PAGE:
A better replacement for Python's built-in
dir function with searching in mind.
Sometimes when you're developing using Python's interactive shell, or IPython, or working with a Jupyter Notebook or even debugging using pdb, you find yourself having to navigate through complex object structures. If you're not entirely familiar with the class in hand you usually have two options: resort to the documentation of the libraries and projects you're working with, or put the explorer's hat on and go down a trial-and-error route, using Python's builtin
dir function to see which attributes and functions an object may have and then take a good guess on the next object you will be inspecting.
There must be a better way, right?
Well, now yes, you have
ls to help you with that task. If you have rough idea of what you're looking for, you can search for that "thing" by name (fingers crossed here: hopefully the developers of the APIs/libraries you're dealing with were careful enough about their naming conventions). Even if (often) your target object may be a few levels deep down the object structure.
ls goes recursively through your object structure, it tries to visit attributes searching for the name you're looking for. It also considers dictionary keys if it stumbles across dictionaries, and in the end it prints out the matching occurrences and tells you their types too.
>>> ls(ls, 'code', depth=3) func_code code func_code.co_code str 200 func_code.co_code.decode() builtin_function_or_method func_code.co_code.encode() builtin_function_or_method func_code.co_filename.decode() builtin_function_or_method func_code.co_filename.encode() builtin_function_or_method func_code.co_lnotab.decode() builtin_function_or_method func_code.co_lnotab.encode() builtin_function_or_method func_code.co_name.decode() builtin_function_or_method func_code.co_name.encode() builtin_function_or_method func_globals['xdir'].func_code code func_globals['iter_ls'].func_code code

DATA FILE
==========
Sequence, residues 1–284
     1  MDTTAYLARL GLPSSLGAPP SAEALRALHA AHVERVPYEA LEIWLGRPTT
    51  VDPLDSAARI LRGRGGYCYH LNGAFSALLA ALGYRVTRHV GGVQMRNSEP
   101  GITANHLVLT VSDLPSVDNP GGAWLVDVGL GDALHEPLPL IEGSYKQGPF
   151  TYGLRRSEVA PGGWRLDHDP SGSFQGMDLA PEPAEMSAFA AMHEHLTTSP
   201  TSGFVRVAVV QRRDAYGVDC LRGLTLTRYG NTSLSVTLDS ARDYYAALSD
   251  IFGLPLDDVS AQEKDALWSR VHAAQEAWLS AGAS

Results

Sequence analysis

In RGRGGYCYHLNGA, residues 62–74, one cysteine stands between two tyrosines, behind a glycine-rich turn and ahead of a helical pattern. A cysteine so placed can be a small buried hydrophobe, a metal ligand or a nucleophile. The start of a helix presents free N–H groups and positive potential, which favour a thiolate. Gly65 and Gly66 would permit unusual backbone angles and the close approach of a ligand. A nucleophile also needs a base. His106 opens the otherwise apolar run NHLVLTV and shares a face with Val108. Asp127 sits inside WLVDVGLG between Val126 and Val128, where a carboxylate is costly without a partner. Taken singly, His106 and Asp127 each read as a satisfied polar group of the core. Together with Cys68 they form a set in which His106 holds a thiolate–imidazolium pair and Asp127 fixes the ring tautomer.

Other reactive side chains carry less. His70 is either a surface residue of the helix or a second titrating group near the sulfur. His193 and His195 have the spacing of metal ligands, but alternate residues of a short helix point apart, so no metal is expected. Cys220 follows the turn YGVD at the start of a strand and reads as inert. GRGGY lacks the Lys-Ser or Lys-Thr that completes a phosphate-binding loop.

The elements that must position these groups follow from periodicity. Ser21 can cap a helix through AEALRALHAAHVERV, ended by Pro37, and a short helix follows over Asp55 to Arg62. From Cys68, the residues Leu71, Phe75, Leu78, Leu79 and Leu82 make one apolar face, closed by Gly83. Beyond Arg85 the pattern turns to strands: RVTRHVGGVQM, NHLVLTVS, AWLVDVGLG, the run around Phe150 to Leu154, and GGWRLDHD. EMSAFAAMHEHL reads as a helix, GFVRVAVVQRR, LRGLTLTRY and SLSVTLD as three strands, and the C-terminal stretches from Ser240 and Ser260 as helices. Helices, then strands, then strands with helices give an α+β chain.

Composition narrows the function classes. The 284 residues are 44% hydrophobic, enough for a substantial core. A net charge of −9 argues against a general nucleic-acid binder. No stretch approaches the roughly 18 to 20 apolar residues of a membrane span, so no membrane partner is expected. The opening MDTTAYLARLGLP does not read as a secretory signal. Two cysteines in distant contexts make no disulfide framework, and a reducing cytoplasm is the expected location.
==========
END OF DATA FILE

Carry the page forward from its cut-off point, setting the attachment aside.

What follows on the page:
pip install python-ls
ls available as builtin
python-ls will inject the
ls function in the
__builtin__ namespace at installation step.
It does this by using a
.pth file which simply performs that injection.
If you're running this against objects that have properties, lazy attributes or any other dynamic code, keep in mind that
ls will try to fetch the value of the property/lazy attribute using
getattr(). This will cause the body of the function to be executed, so you can imagine already the potential hazard here, right?
TODO: make a default
unsafe=False kwarg and then only visit properties if
unsafe is explicitly set to
About the name
dir as a builtin. The equivalent of that command-line command in GNU/Linux world is
ls. We had considered calling it
xdir, which by the way is a function that works like
dir() by returning a list of occurrences to you.
Please send your issues, bug reports and, even more welcome, your Pull Requests ;-)